Ho wrote to the temple’s board of directors. She asked for an apology from the monk and a promise not to repeat such behavior. The board responded with a threat to bring legal action against her for slander. She went to a conference of monks in Dallas, seeking someone who had the nerve to stand up to the venerable Thich Chanh Lac; she didn’t find that person. Finally, after months of trying to solve the problem internally, she contacted the police and began to protest weekly outside the temple.
The temple leadership reacted virulently. The board of directors took out an ad in a Vietnamese newspaper, contending that the accusations were part of a “Communist strategy” to discredit their beloved monk. Le denied any sexual misconduct. “This matter never happened,” the venerable abbot told a reporter. “This is a conspiracy of the servants from north Hanoi.”
In a Viet refugee community, calling someone a Communist isn’t simply an insult; it can be a provocation of the worst kind. Ho’s father had served in the South Vietnamese Army. He had endured six years of brutal treatment as a prisoner of the Communists, then shepherded his daughters through years of refugee camps before finally being allowed to emigrate to the United States. Yet he was vilified in articles and fliers, paid for by boardmembers, which depicted him as a war criminal and as an undercover Communist agent sent to assassinate Le. His youngest daughter, who’d been sent out of state to continue her studies to be a nun, began to receive death threats.
The Ho sisters had several staunch supporters, including a former president of the temple board. But Thu Ho estimates that 90 percent of the congregation believed fiercely in the monk’s innocence; in fact, one of Le’s biggest backers was the boardmember whose daughter’s claim of molestation ignited the whole scandal.
“He is a master of manipulation,” Ho says of Le. “His followers called him a living Buddha. But this is America. I come here for freedom, looking for a future. And the future is not being a victim.”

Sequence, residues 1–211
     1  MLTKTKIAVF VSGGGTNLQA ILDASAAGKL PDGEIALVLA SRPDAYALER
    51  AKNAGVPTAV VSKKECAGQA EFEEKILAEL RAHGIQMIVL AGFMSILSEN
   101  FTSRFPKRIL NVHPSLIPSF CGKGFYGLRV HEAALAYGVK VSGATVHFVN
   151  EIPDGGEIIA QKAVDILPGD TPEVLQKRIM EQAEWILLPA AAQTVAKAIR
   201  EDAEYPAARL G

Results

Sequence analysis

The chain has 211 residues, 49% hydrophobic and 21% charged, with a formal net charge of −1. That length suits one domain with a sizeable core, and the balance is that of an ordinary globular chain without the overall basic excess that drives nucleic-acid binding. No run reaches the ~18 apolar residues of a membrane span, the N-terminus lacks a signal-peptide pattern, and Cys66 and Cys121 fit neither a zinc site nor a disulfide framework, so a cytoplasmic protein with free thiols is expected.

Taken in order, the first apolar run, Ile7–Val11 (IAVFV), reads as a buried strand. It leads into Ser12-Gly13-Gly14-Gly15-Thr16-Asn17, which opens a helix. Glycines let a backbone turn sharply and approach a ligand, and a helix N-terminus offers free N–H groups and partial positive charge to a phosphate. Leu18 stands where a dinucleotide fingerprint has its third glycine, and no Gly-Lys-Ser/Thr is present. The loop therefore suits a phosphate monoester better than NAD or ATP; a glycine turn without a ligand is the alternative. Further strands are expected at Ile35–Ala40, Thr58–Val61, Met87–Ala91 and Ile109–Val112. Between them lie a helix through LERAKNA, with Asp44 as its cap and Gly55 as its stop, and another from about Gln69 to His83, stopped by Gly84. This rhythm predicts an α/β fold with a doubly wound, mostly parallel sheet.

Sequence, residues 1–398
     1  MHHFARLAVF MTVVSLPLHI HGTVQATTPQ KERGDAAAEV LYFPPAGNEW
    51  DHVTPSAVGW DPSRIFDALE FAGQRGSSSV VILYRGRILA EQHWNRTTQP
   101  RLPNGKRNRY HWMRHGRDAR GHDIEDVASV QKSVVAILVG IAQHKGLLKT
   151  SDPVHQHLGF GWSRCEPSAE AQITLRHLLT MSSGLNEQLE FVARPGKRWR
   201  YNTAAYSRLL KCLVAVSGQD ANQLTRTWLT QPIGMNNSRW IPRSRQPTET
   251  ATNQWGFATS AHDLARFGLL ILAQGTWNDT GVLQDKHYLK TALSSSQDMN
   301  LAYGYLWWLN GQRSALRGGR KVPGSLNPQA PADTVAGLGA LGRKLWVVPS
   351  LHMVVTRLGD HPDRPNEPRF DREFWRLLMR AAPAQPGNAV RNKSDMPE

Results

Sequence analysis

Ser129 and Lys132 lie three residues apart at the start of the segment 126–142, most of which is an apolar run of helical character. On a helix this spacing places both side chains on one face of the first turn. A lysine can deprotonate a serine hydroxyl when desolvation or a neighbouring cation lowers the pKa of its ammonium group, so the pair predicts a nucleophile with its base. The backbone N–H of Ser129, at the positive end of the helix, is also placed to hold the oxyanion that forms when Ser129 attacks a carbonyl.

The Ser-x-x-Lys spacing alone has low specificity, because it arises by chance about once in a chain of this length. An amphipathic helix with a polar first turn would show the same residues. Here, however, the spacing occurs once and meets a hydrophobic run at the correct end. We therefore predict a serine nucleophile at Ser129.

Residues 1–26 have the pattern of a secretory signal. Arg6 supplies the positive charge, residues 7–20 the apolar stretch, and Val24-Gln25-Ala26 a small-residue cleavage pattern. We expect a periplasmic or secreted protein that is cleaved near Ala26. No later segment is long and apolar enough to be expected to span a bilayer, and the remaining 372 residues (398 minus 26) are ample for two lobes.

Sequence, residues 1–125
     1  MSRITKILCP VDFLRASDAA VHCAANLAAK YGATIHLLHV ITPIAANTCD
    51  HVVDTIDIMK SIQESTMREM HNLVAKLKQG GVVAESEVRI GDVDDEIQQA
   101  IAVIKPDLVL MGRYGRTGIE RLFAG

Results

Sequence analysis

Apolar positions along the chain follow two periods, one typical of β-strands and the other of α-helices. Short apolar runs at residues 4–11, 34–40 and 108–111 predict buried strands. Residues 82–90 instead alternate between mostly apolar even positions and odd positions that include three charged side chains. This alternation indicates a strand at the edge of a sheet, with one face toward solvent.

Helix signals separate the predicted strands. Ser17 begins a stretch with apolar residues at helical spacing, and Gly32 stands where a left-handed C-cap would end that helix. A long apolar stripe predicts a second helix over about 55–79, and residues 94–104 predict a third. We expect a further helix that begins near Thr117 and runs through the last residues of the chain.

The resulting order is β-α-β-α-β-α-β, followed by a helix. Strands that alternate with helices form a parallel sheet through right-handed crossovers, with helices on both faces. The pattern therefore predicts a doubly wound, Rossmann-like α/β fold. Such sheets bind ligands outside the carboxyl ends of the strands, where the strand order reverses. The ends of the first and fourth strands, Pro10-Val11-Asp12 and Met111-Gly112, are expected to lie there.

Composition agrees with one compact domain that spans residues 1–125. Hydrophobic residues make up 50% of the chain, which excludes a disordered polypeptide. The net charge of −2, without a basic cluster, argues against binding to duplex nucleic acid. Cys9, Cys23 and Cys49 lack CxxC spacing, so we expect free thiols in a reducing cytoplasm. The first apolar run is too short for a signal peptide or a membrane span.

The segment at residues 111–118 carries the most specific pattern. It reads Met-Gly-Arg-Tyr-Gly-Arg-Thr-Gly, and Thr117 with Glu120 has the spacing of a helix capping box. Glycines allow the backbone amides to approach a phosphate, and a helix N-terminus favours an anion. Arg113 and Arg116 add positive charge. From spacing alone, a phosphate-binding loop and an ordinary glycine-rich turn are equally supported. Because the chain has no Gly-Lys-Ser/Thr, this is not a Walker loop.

In 1999, Le was arrested by Denver police for investigation of third-degree sexual assault and sexual assault of a child by a person in a position of trust. But prosecutors dropped the charges months later, after defense attorneys produced records that suggested the kitchen in the monk’s quarters had been converted to an office in 1993 — months before the alleged assaults occurred.
Despite the dismissal of the criminal charges, the Ho family proceeded with a civil suit in 2003 against Le and the temple’s board of directors. “It was a difficult case to put forth, for a lot of reasons, but mainly because of the cultural and language barriers,” notes John Haas, one of the Ho family’s attorneys. “Many of the people in the Vietnamese community wouldn’t participate. And the people who sided with the Hos were kicked out of the temple immediately.”
At trial a carpet installer testified that the 1993 renovation had not involved the kitchen in question. The alleged incidents involving Thu Ho were now too old to be a part of the case, but the jury found that Le had committed sexual battery on the younger sister. The panel also found members of the board liable for defamation, outrageous conduct and breach of duty. In all, the award of punitive and actual damages, costs and interest amounted to close to $5 million.
Actual recovery in the case amounted to about half of that. The organization’s insurance paid $2 million, but many members of the congregation also had to contribute substantial sums to the pot. Several boardmembers resigned, having lost their enthusiasm for the temple, for board duties, for the monk.
“He deceived the whole Vietnamese community. He was very powerful; there were other monks trying to cover up for him.”
“We had to work very hard to get the lawsuit settlement,” says former boardmember Tri Nguyen, who now lives in California. “I almost lost my house. And then most of the people walked away from the temple. I haven’t been involved in the temple since then.”